By Michael E. Miller
By Ryan Yousefi
By Kyle Munzenrieder
By Sabrina Rodriguez
By Michael E. Miller
By Carlos Suarez De Jesus
By Luther Campbell
By Kyle Munzenrieder
At odd moments faint smells from the streets of Bangkok come back to George Petrie -- pollution from gasoline engines, meat roasting on spits, sweat, overripe fruit. Whether the fleeting odors have clung to his clothes and hair or whether they're purely remembered, Petrie can't tell. A pervading despair has distanced him from sensation. It's a cloudy summer morning in London, late July 1998, and his Qantas Airways flight from Thailand landed at Heathrow Airport about an hour ago. He's now on a bus to Gatwick Airport, where he'll catch a plane to Miami.
Tears are streaming down Petrie's ruddy face, leaving little tracks of vapor on his gold-rimmed glasses. He is sitting with a portable CD player on his lap, listening through headphones for the 10,000th time to Romanza, a recording by the celebrated Italian tenor Andrea Bocelli. For about four months now, he has found himself crying all the time; he doesn't even try to fight it anymore.
Petrie is vaguely aware of not wanting to go back to Miami, the town in which he lived for more than twelve years, where he owned a home, and had a good job and some good friends. In the past three months, he's lost everything -- his job, the house and car, and all but one or two friends, and now he even has doubts about them.
But this was something he planned. He's going to die in Bangkok, thousands of miles away from everyone and everything he's ever cared about. His family will never know his death wasn't accidental. The trip to Miami is only for a few days, to get some life insurance paperwork straightened out, and then he'll be back on the plane to Thailand. At least that's what he thinks. By now everything has become so surreal, it's almost as though he's just watching what happens, as if he were already dead. The beautiful music in his ears could be a magnificent farewell to the world, a requiem. But he would find it impossible to imagine that, in just a few days, he'd open his eyes to see a Catholic priest hovering over him, administering last rites. Nor could he imagine how much more bizarre his life would become after that.
Most people who knew George Petrie a year earlier would be surprised that this well-mannered, red-haired, 53-year-old Irish Catholic could be obsessed with darkly melodramatic thoughts in far-off exotic lands. Of medium height and slender build, he dresses neatly in classic attire: oxford shirts, khaki slacks, loafers. Petrie grew up in Boston in a middle-class family, the youngest of three children, and never married. His father was a shipping company executive, his mother a housewife; they're now retired and in ill health. The family was not particularly close. His brother is a retired career air force man; his sister, with whom he is in regular touch but who declined to be interviewed for this story, is an accountant and lives in Maine.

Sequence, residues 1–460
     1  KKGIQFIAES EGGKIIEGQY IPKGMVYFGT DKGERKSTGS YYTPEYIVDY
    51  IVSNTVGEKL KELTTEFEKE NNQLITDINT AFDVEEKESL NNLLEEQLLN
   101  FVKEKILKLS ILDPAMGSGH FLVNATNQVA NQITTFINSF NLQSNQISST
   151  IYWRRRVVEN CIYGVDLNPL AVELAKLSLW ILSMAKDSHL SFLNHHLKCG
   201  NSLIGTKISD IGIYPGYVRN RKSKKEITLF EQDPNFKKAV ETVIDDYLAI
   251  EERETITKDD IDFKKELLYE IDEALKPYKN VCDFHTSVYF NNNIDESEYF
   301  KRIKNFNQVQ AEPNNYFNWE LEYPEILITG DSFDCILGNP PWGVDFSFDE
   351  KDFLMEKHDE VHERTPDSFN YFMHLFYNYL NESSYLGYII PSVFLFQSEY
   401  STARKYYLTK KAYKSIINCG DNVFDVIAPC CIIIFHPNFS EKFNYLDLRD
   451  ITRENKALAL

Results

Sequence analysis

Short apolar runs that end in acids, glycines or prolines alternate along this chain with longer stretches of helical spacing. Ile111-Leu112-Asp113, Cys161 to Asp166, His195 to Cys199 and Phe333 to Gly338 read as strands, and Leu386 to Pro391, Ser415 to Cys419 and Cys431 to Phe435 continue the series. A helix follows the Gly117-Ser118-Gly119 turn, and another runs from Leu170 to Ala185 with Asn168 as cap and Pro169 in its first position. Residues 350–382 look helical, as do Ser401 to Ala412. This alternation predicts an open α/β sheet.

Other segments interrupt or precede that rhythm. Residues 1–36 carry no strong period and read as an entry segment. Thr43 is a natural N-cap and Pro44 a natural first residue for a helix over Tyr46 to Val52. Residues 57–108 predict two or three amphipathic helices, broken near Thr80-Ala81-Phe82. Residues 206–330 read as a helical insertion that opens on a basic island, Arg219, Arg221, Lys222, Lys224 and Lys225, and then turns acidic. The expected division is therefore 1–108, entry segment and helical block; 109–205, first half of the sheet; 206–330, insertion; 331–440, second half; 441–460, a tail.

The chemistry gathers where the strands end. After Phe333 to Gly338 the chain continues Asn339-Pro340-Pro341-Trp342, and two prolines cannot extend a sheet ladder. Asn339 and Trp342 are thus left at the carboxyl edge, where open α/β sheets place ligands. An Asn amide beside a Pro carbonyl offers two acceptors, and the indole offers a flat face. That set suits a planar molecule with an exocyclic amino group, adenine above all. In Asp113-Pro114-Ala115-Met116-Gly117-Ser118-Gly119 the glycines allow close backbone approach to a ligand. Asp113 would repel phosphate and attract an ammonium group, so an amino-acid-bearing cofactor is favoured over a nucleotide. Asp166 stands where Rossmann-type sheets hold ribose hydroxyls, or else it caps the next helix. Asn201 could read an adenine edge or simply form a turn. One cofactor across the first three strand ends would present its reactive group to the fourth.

After graduating from high school in Boston, Petrie moved to Los Angeles to work as a sales manager for a regional telephone company, then to Colorado Springs for a job at another phone company. He accepted a severance package in 1986 after AT&T bought the regional service and started downsizing. Later that year he found a job in Miami. Petrie asked that the name of his Miami employer not be published because he is currently negotiating another severance package.
In early 1998 Petrie began to feel depressed about problems at work. He won't discuss the nature of his troubles, but says his demeanor never cracked; even as his emotional state worsened, he expressed none of it. He had never before suffered serious depression of any duration, but weeks passed, and this didn't let up. In the spring he began consulting a psychiatrist who diagnosed "major depressive disorder" and prescribed Prozac. Petrie, however, says he never filled the prescriptions. "Finally, when I went to a psychiatrist, things were so bad that I didn't feel there was any way out, even with antidepressant medication," he would recount several months later in a journal. "I was going to end my life."
In fact, he says now, he went to a psychiatrist only for help in carrying out his suicide plan. He needed a medical leave of absence from his job. He had devised an elaborate scenario in which he would overdose on pills and alcohol in a Third World country. Presumably, he reasoned, by the time local authorities found him and began attempts to contact his family, information about the cause of death would be muddled and it would look like an accidental overdose of sleeping pills or a heart attack. "I wanted to keep my family from embarrassment," Petrie reports, "to keep them as far away from it as possible and make sure they never knew it was suicide." His unsuspecting psychiatrist ordered a two-week leave, and he bought a plane ticket to Costa Rica, a country he'd visited before and greatly enjoyed.
That much of Petrie's suicide plan might have made some sense as an effort to protect his loved ones, but as events unfolded, one irrational decision led to another until delusion and reality seemed indistinguishable. Of course that's what mental illness is all about, something Petrie says he now understands. "I try to explain depression to people, but if you haven't gone through it, you can't imagine," he reports. "You think you can just say, 'Snap out of it.' You're as sad as you have ever possibly felt, and you just can't shake it. Someone could walk up to you and tell you you've won $60 million in the lotto, and you'd look at them and say, 'What can I do with that?' Your thought processes are completely twisted." The unhappy consequences of Petrie's twisted delusions have been concrete and continual, and they include an ugly legal dispute that shows no sign of quick or easy resolution.